Information does not replace medical advice. 

(c) 2018 Tree of Life Massage and Wellness LLC

Stay In Touch - Nurturing Touch families with aging parents

July 19, 2012

I have been doing a great deal of reading about touch and it’s affects on the human body. Through the course of reading over the last weeks, it seems that several clients have expressed concern for aging parents and the ways that pain is affecting their loved ones quality of life. Some of the family members are living in nursing homes, and others are living in the home with the family.

It is difficult to watch a loved one suffer. While a baby may not be able to adequately communicate their needs except through a cry, we can generally pick them up and through series of trial and error figure out what they need to calm them down. Our aging family members however, can tell us exactly what is wrong and where the pain is, but often relying on drugs and medical treatment leave us feeling guilty and helpless for keeping them in a drugged state.

As a massage therapist, I experience daily the magic of positive therapeutic touch. And through studying infant massage, I also know that family members have the power to profoundly impact the life of another family member through touch! When we live our day to day lives we forget how nice a simple hug or a held hand can feel. We have a very high number of nerves in the hands, feet and face. When a person is in pain, we can send comforting signals of touch to the brain through touching these areas with minimal risk to the person who is experiencing pain. Our brain has a faster response to a pleasurable comforting touch than it does to something that is causing pain, so offering the brain a positive touch can help minimize the amount of pain our loved ones feel.

There are a few things to consider when working with an elderly family member. First, ask them if it would be ok for you to give them a hand or a foot massage. The hands are a great place to start if you are new to practicing a therapeutic touch. However, if your family member has thin skin or arthritis in their hands or feet, a great alternative is giving your family member a facial massage. The face is one of the most relaxing places to receive a massage and it is also a very intimate place to touch. Think of the way a hand feels against the cheek and think of the way a baby instinctively turns their head when the cheek is touched. Offering a light, but not ticklish touch on the cheek, even if their is no massage movement, can be extremely comforting for your family member.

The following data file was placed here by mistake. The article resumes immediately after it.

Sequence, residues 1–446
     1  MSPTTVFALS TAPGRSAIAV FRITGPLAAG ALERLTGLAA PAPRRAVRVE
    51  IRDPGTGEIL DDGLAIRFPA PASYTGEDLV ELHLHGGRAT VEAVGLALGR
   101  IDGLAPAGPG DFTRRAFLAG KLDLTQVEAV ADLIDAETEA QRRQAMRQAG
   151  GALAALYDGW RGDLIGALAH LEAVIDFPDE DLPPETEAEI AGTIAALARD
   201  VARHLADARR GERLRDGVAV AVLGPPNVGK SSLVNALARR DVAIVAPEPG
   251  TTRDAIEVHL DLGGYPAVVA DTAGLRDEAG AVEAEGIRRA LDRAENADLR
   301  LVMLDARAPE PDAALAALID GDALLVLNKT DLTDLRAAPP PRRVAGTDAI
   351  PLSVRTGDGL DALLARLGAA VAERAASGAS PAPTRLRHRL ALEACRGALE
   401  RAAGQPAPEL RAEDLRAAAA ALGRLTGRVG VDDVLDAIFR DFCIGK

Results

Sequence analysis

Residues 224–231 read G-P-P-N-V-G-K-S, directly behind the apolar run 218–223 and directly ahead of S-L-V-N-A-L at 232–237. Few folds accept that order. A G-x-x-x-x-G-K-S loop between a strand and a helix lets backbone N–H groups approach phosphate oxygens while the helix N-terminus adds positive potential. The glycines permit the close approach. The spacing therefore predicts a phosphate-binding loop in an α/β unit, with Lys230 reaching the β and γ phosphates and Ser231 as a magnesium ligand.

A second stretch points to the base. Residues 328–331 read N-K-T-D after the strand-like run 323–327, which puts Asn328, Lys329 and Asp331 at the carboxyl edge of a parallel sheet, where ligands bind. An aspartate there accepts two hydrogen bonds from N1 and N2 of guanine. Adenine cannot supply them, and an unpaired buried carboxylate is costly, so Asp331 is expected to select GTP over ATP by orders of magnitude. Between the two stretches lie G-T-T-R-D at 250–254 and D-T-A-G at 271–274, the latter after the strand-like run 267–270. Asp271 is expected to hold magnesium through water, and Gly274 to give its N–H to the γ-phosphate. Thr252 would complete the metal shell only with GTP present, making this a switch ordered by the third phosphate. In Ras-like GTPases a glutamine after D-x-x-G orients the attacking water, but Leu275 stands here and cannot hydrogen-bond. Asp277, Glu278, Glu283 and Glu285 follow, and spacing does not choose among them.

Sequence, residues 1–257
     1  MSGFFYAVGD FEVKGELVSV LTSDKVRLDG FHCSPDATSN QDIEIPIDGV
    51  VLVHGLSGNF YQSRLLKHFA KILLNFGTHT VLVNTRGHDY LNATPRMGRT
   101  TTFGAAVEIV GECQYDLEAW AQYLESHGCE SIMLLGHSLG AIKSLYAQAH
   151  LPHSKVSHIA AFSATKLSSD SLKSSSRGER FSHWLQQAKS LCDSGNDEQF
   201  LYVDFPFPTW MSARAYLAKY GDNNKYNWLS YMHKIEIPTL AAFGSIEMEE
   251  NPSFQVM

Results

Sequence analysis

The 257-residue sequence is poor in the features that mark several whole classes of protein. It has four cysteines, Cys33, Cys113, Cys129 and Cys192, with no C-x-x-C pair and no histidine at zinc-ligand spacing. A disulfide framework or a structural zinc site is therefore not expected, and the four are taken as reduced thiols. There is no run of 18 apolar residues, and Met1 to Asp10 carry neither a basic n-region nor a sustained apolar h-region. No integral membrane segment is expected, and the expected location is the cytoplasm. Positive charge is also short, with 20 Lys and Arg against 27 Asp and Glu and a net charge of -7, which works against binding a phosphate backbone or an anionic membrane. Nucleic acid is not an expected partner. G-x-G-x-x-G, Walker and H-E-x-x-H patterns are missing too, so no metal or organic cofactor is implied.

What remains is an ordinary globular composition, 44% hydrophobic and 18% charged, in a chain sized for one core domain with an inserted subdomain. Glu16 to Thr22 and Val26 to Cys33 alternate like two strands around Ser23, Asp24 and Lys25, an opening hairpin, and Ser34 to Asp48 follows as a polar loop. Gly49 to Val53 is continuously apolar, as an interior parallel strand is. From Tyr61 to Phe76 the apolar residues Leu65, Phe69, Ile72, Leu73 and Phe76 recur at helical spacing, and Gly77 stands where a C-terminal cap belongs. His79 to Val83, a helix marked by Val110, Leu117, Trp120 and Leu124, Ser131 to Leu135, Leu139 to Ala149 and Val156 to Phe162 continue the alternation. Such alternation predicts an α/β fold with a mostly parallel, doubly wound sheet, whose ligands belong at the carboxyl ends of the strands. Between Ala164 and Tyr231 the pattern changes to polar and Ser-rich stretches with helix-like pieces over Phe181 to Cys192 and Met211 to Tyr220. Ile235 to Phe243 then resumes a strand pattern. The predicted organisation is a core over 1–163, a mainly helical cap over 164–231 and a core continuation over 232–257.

This day and age, we forget about the power of touch and we sometimes forget that we can touch our family members in a nurturing way to comfort them and provide reassurance that you are there with them and are doing everything you can to help them feel better. One last thing that touch provides is it takes away the feeling of helplessness from the person who is offering the touch. It empowers you to do something besides make another phone call to the Dr., pace the floor, and wonder if the pain meds will help this time. I get to experience this power daily when I work with clients, and while I am licensed to touch through therapeutic massage, a family member needs no license to offer a comforting touch to another family member.

 

For more information on massage therapy services from Tree of Life for seniors, click here. 

-Chrystal B. Copeland

 

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